(10) There is no punishment prescribed in the Act for not providing the facilities by the contractor. This is so, because, the principal employer is liable to pay the amount or provide the facilities in case of failure of the contractor to make payment or provide facilities. It is therefore suggested that the Act be amended to provide for the punishment for the violation of the provisions by the contractor.
(11) In order to make implementation effective, the strength of the inspector must be increased and they should be trained from time to time.
(12) There is no provision in the Act for appointment of Safety officers. It is suggested that the safety officer be appointed particularly in construction work.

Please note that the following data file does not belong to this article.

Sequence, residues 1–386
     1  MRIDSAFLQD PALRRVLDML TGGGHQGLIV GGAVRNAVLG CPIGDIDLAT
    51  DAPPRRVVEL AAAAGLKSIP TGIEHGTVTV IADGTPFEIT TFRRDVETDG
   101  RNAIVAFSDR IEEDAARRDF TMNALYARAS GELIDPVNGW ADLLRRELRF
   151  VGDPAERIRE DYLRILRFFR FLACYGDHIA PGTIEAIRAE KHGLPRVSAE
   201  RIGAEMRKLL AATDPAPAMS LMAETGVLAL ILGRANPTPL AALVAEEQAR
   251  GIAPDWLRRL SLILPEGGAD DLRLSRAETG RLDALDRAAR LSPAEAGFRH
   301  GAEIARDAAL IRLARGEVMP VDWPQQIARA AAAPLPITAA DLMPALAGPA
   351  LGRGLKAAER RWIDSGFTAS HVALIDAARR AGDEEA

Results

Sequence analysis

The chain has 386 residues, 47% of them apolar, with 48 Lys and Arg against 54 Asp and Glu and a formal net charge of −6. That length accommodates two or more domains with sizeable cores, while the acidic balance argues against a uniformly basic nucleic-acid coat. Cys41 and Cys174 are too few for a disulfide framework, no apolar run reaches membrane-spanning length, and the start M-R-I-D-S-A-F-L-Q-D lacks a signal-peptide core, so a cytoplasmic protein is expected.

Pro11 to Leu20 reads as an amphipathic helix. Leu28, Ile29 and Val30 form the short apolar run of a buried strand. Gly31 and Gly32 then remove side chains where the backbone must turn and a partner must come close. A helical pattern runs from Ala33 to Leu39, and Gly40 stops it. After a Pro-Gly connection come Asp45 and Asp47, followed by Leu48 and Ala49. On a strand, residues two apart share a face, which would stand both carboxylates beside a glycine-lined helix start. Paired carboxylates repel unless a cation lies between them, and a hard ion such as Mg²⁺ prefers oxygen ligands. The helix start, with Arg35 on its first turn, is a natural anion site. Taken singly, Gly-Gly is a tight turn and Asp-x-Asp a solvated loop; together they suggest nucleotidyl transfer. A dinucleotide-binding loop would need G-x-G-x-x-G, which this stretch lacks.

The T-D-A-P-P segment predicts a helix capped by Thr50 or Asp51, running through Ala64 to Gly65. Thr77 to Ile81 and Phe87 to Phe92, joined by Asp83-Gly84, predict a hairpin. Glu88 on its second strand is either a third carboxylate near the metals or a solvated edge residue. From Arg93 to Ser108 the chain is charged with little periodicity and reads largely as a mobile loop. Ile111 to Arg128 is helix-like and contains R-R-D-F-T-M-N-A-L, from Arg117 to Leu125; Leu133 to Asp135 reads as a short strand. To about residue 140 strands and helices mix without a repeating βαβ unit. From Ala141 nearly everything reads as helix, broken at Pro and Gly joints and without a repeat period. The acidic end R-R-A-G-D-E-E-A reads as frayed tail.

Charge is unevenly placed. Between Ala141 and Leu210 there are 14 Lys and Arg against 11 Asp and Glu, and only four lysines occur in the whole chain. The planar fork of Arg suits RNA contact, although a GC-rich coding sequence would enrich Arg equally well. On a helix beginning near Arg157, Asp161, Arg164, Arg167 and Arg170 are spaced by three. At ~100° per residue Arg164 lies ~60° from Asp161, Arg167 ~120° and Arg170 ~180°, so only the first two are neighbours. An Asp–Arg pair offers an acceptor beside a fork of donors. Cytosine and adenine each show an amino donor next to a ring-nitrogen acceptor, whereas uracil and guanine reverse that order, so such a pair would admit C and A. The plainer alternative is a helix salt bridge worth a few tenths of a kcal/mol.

(13) It is time to extend worker’s education scheme for contract labours.
(14) Utilization of licensing fee for strengthening inspectorates: A problem closely connected with strengthening of inspectorates is the problem of availability of finances in each states. Almost all states are of the view that the main hurdle in increasing the strength of inspectorates is the paucity of funds. Therefore, there is a need to utilize the licensing fee for this purpose.
(15) Most contract labour is unskilled and illiterate and ignorant of their rights.
They do not inform about any violation. What is more distressing is to get statement of contract labour. Even if it is procured, the workers seldom come to give evidence against the employer. The employers generally win over them.